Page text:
I always wanted to have a mechanism that scans the market for specific SPX diagonals and alerts me whenever find it. That is why I have developed an alert algorithm in the scanner so that I do not have to manually scan for interesting setups all day, but it will alert me.
Let’s see what type of diagonals I like for SPX.

Ticker: “SPX” because I am looking for SPX diagonals;).

Option: “put” means I am looking only for put diagonal spreads.

Price: “0 – 500” means I am only interested in spreads that have a debit between 0 and 500 dollars. I am only looking for debit diagonals because credit ones would have different directional bets.

DTE: “0 – 30”, I am looking for the ones with max 30 days to expiration.

Front delta: “20 – 45” defines the delta distance for the front leg of the spread. This makes it close to the money, but not ATM where the net delta would be positive and I am looking for negative delta.

Delta: “100 – 0” is the net delta of the position. In this scan, I am only looking for a negative net delta configuration because then if the market starts to fall, I am immediately making money on the spread. This diagonal is accumulating net negative delta as days go by through the effect of charm Greek.

Expiration diff: “3”, means I am looking for diagonals where there are 3 days in between the expiration dates. This is typically Friday/Monday expiration. You can also search for various expiration differences.

Skew: “100 – 0”, this is the most crucial part of this setup, the horizontal IV skew. This setting states that I am looking for negative skew, which means the front leg has a higher IV than the back leg.

Strike diff: “5” is the interval between the long and short strikes of the diagonal. If I want to have the scanner look for all the variations, I would set it to 0. But for this setup, 5 is the best strike difference.

Type: “bull”, there are two types of diagonals for puts and calls. Bull diagonals and bear diagonals. In this setup this is a bull put diagonal which means that the long put has a higher strike than the short put, hence it is more of a range trading setup.

R/R: “500 – 1000” means I am looking for diagonals that have a rewardtorisk ratio of at least 500%. The R/R is based on the max potential loss vs. the max potential profit of the diagonal.

C/W: “10 – 100”, stands for the percentage of credit/width I get for shorting the embedded vertical that is found in the diagonal spread. Every diagonal has an embedded vertical spread and with this setting, I am making sure that it’s worth selling that embedded vertical. So if I am looking for a min. of 10% C/W that means when I short the vertical I get at least 10% of the width of the vertical in credit.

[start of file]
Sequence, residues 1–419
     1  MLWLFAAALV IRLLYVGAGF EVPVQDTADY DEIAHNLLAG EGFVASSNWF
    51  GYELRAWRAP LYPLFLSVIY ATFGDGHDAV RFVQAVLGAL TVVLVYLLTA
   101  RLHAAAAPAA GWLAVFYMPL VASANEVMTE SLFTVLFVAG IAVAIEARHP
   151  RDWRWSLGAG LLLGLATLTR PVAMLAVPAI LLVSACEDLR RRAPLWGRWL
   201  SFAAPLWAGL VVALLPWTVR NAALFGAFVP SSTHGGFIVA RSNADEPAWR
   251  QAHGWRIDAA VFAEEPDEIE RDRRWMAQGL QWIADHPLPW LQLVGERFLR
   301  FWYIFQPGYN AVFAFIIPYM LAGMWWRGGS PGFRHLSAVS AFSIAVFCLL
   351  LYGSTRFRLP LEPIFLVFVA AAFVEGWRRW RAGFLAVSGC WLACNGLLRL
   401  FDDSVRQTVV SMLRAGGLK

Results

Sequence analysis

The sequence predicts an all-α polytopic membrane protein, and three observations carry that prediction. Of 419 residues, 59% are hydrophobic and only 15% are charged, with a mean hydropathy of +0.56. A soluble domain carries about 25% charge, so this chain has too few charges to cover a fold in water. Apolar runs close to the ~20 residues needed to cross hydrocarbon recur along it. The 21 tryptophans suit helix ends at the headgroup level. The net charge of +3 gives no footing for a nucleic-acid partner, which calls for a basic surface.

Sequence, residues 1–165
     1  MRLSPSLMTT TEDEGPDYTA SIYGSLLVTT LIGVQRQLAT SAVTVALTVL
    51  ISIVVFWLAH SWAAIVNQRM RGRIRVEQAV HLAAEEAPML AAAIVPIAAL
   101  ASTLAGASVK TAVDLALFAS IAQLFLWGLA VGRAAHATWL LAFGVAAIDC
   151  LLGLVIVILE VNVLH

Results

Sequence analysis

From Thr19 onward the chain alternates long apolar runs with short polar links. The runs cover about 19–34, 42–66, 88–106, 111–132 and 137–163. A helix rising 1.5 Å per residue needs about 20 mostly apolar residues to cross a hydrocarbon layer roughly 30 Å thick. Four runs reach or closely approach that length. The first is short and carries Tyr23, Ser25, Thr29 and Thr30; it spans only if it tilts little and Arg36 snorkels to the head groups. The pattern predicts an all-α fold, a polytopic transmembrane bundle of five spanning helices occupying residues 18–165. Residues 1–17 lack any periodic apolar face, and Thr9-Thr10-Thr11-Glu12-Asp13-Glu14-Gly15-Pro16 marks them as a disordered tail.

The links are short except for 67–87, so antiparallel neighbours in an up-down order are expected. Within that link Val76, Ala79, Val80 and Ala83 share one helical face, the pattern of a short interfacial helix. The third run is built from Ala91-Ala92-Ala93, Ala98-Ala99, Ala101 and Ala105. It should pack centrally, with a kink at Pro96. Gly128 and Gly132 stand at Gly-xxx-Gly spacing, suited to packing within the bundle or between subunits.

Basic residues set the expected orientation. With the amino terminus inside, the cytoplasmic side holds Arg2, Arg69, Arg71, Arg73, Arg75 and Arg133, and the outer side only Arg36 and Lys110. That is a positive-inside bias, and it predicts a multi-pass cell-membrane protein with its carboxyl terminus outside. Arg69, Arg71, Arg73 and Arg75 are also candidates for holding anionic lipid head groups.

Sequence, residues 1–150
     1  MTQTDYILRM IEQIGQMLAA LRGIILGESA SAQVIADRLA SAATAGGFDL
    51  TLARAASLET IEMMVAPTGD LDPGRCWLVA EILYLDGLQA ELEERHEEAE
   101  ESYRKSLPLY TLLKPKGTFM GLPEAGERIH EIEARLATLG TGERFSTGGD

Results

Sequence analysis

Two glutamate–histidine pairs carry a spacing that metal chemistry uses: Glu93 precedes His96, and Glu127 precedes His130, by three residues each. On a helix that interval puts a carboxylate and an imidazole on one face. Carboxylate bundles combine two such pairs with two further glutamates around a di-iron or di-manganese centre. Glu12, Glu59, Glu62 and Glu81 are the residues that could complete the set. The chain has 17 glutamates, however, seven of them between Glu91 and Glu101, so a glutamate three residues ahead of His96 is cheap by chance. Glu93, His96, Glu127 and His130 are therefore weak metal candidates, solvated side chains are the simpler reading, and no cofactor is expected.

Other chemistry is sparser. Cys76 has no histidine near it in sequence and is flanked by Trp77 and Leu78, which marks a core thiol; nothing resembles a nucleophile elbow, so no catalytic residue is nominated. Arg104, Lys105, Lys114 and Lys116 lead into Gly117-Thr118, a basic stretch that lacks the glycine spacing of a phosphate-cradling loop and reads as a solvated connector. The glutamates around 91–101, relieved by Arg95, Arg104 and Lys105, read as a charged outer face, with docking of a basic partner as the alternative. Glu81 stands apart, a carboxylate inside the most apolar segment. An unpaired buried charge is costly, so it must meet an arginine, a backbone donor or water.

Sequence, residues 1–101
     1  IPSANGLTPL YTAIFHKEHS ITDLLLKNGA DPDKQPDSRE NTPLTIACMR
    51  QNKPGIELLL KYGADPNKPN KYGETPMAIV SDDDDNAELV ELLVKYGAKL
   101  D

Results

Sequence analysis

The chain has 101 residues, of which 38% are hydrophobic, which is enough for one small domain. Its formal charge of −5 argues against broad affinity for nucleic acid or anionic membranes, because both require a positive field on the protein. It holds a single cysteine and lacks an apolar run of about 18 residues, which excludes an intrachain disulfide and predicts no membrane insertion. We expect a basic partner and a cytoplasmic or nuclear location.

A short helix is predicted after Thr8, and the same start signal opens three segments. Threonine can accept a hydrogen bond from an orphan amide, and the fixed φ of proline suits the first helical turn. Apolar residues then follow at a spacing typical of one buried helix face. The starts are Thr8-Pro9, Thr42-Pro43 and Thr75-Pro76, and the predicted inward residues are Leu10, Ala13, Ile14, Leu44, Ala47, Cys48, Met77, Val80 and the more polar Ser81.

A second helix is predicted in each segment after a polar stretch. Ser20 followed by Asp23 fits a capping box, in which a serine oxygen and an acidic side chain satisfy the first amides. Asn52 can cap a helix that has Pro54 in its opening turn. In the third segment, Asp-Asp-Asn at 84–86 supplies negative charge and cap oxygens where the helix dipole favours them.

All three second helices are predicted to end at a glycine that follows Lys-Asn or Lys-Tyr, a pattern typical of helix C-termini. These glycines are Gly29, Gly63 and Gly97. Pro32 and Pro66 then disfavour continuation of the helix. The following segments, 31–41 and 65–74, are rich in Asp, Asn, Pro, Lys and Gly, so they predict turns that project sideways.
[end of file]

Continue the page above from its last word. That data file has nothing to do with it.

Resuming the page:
Range: “0 – 100” defines how wide the breakeven range in percentage should be in a calendar spread. I left it on default.

Min. volume: “1” is looking for legs that have at least a volume of 1 on the current day. With this, you can filter out those that have very low volume, hence wider bid/ask spreads.
As you can see in the image above, I have only found one SPX put diagonal which had 600% R/R potential and a pretty flat configuration. Let’s go through what the columns mean.

Watch: with these icons you can add a spread to your watchlist, analyze the risk graph or copy the trade to thinkorswim format.

Ticker: nothing to explain here:)

Exp: the front and back month expiration of the diagonal spread.

Diff: the day difference between the legs’ expiration dates.

DTE: how many days are until expiration in the front / back leg.

Int: the strike difference between the legs.

Strike: the found strikes of the diagonal spread.

Opt: option is either call or put.

Tg%: target %, how far the strike is in percentage move from the current stock price.

TgΔ: the target delta of the spread which is the front delta in this case.

Price: debit of the spread.

Profit: the theoretical max. profit you can make on the specific calendar spread.

Risk: the risk of the trade, in this case, the debit paid.

R/R: reward to risk in percentage.

C/W: percentage credit/width of the embedded vertical.

Skew: the horizontal IV skew of the legs. Negative means it is backwardated that is the front leg has a higher IV than the back month.

Range: what is the price range in percentage between the breakeven points of the spread (how wide is).

Delta: net delta of the spread.

Gamma: net gamma of the spread. Theta: net theta of the spread.

Vega: net Vega of the spread.
Risk graph of the position
Here is the risk graph of that one diagonal above.
You can tell from the risk graph that this configuration is pretty wide and flat in terms of net delta. It makes money with time and direction. Since I love these diagonals, I have created a scan template for it and clicking on the alert button, I will get notified whenever this setup comes around during the day. This is pretty rare, so I might not get an alert every day, but in a high IV environment, it is more common.
Diagonal scanner guide
For a more detailed explanation of how to use the diagonal spread scanner please watch the following video.
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